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Story about Fenians and accompanying notes from the informant about story-telling, 24 April 1866

Identifier: Coll-97/CW104/28

Scope and Contents

Story about Art, a Fenian warrior, collected from Eachann Maciosaig [Hector MacIsaac], Iocar [Ìochdar, Uibhist a Deas/South Uist], who heard it from Ruari Rua [Roderick MacQuien, catechist] and accompanying notes from the informant about story-telling.

Hector begins with the sloinneadh [patronymic] of Caramag mac Art. The story then relates how Art married Nighean Rìgh Lochlann but cheated on her. Rìgh Lochlann was very angry so he banished Art overseas. He went travelling through Germany, Italy and Spain but while abroad he had bad dream and decided to go home without anyone knowing. He got help from Rìgh Calum [King Malcolm] in Scotland and they went to Ireland raising support. One day while out a mist came down and Art ended up at a blacksmith's house. The blacksmith only had one child a very beautiful daughter, who Art asked for a drink, which she gave to him in her father's cup, from which only he ever drank. When he had drunk from the cup it would fill up as it was before. No one else ever drank from ths cup. Art drank from the cup and enjoyed it and the daughter sent him to the top of the house to eat. When she returned he hadn't eaten anything and she asked him why not he said it was because he could only eat in company so the daughter sat down with him. Art produced a sword and said that it contained gold and told the daughter to summon her father to a battle at Maogh nam Mucram where he would. He left and when the smith came back home he could tell that the daughter was in love. The story is incomplete. Carmichael records that Hector thought little of mythological tales but thought that the fingalian tales were 'worthy [of] the attention of princes'. He describes his shame at hearing people he knows telling these tales in 'garbled and mangled' manner. Hector promises to give Carmichael a 'proper opp[ortunity]' of taking down tales 'when he is done planting his potatoes' and 'before he dies'. He states that he only has one daughter to whom he can leave his legacy of stories although she is reluctant to learn them 'And as he likes me better than any other person in the world he is desirous I should become poss[essed] of this invaluable legacy'. Reciters are referred to as 'the most egotistical set I have ever met'. Hector states that Ruaraid[h] Ruadh from whom he heard the tale died about forty years before aged about eighty years. A gentleman form Edinburgh came to take down lore from Ruaraidh and stayed for several weeks. As a result Lord MacDonald gave him house and land rent-free while he lived. He was probably the last reciter to receive such payment. Hector also notes that Ruaraidh was a catechist, who would go around people's houses stating that people were more interested in the lore that he had and that 'we believe the old man took more delight in reciting and expounding the Fing[alian] tales and poems than those of the Bible.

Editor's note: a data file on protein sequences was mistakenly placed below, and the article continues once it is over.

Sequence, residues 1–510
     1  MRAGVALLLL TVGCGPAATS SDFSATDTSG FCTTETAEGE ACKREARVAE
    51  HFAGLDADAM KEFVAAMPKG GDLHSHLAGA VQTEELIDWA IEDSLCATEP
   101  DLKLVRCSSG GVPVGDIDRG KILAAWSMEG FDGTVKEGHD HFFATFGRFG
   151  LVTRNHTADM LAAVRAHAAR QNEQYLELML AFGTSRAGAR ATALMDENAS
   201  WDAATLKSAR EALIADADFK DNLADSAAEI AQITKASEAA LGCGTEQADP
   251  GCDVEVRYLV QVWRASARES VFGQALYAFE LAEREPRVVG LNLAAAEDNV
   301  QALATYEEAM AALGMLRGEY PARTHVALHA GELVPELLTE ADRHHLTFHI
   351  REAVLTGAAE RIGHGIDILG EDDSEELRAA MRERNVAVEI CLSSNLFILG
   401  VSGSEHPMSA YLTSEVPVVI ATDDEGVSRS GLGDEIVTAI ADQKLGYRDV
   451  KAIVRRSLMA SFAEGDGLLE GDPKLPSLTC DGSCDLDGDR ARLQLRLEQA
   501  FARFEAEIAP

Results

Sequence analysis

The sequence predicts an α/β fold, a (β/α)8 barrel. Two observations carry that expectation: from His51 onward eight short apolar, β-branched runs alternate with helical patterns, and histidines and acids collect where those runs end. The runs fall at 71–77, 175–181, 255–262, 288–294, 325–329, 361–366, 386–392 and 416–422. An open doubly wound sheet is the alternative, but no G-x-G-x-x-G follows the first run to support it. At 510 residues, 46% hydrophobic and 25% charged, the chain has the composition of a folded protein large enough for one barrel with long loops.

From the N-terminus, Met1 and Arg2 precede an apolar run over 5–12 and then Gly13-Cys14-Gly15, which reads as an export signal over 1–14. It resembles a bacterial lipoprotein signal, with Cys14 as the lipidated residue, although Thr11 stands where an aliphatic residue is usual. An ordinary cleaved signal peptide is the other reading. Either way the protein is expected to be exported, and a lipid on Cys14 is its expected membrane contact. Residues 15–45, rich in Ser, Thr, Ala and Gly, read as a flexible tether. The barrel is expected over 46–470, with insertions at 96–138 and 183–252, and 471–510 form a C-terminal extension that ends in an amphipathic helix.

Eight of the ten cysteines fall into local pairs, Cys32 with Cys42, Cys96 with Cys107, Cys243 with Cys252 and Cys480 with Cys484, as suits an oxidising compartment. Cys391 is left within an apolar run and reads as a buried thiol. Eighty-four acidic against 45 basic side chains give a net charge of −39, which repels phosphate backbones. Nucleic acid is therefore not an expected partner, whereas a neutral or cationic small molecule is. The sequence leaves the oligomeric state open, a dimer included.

• Creation: 24 April 1866

Language of Materials

English Gaelic

Conditions Governing Access

This material is unrestricted.


From the Series: 91 folios ; 20 x 16.5 cm